“After the Great War: A New Europe 1918- 1923”, was officially opened in Sarajevo

November 21, 2018 4:00 PM

A travelling outdoor multimedia exhibition dedicated to the Great War and its aftermath, “After the Great War: A New Europe 1918- 1923”, was officially opened in Sarajevo on 19 November. For symbolic and historical reasons, Sarajevo is the second city hosting the exhibition, prepared by the European Network Remembrance and Solidarity, in cooperation with historians from over a dozen countries, in an effort to synthesize the turbulent beginning of the interwar period with a focus on Central-Eastern Europe.

“The centenary of the First World War allows us to reflect on the disastrous consequences of war and the importance of conveying European values of reconciliation, diversity and commitment to face challenges together. Europe has not always been a continent of peace – together we sowed the seeds of peace and should never take it for granted. Today, 100 years since the end of WWI, the European Union stands for peace and unity,” said Richard Máša, Chargé d’Affaires a.i of the EU Delegation to BiH during the official opening.

Over 200 archive and multimedia materials – pictures, maps and films, together with individual stories of people who lived back in these times – present a complex, yet coherent picture of New Europe. The main goal of the exhibition is to illustrate the scale of political changes and show their impact on current politics, as well as to present different national memories.

During the opening ceremony, H.E. Jaroslaw Lindenberg, Ambassador of the Republic of Poland to BiH, noted the historical relevance of the post-war period for Poles in the state-building process: “This period marked the beginning of a new era in Europe and marks  great social enthusiasm in all aspects of life, including the economy, politics, as well as art and culture,” said Ambassador Lindenberg.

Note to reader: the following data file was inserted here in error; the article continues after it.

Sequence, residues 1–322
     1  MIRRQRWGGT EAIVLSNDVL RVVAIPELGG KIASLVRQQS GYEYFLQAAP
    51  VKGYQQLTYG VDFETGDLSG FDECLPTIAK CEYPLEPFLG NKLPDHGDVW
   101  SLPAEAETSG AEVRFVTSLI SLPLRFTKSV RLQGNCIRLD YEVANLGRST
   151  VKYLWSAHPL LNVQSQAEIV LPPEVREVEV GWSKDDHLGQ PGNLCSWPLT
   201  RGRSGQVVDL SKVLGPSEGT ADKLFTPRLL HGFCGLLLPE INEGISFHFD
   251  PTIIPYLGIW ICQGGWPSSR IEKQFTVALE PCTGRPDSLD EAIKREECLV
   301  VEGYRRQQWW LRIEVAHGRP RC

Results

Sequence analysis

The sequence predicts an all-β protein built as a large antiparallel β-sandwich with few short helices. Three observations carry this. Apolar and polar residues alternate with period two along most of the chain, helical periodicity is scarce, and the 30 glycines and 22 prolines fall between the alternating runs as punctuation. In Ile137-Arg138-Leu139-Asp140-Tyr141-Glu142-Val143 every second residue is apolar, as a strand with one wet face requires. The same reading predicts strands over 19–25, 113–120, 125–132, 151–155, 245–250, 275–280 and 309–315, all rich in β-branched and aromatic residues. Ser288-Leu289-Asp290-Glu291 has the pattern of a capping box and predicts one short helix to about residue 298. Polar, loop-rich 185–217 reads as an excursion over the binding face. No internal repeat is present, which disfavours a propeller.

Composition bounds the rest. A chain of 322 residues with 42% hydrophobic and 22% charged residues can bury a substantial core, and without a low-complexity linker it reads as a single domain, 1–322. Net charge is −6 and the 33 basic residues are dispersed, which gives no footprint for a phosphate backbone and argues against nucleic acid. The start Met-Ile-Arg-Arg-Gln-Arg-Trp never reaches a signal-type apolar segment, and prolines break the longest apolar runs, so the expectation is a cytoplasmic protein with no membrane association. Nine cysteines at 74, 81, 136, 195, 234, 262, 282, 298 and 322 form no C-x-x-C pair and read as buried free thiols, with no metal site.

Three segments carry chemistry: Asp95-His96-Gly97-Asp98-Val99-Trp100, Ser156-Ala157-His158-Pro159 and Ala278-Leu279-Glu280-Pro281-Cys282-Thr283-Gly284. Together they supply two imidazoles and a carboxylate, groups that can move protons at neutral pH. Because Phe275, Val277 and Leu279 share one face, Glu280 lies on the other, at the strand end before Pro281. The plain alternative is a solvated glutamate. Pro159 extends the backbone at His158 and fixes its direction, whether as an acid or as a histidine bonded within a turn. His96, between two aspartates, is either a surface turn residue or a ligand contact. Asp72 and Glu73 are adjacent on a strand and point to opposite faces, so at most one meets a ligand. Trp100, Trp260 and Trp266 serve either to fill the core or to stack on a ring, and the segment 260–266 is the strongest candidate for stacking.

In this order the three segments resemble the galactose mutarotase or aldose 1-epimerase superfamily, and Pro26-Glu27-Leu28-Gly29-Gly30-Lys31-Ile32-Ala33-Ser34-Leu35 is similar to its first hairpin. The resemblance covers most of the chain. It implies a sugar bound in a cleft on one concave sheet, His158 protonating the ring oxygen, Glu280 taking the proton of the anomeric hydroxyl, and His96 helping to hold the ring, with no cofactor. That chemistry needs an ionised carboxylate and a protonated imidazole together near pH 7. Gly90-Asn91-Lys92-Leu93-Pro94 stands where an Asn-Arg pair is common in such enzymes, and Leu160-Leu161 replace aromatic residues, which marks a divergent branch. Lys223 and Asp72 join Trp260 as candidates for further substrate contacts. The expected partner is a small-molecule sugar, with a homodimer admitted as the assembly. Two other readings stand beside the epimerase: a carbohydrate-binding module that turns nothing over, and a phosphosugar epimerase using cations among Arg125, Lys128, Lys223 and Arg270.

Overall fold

“Thanks to initiatives such as this one, we learn how much is common in our 20th-century histories but also how difficult it is to narrate them in a single voice. It is my hope that thanks to its attractive architectonic and visual form, this multidimensional story about the hardships of pursuing freedom – and the fact that it is not granted once and for all – will reach across the generations of Europeans, both from ‘New’ and ‘Old’ Europe,” said Rafał Rogulski, Director of the European Network Remembrance and Solidarity.

The exhibition features key political, social, economic and cultural changes typical of the 1819-1923 period, the impact and consequences of which can still be felt today. It highlights both similarities and differences in the perception of particular events by selected European countries. The exhibition will be featured in Sarajevo until 18 December 2018.

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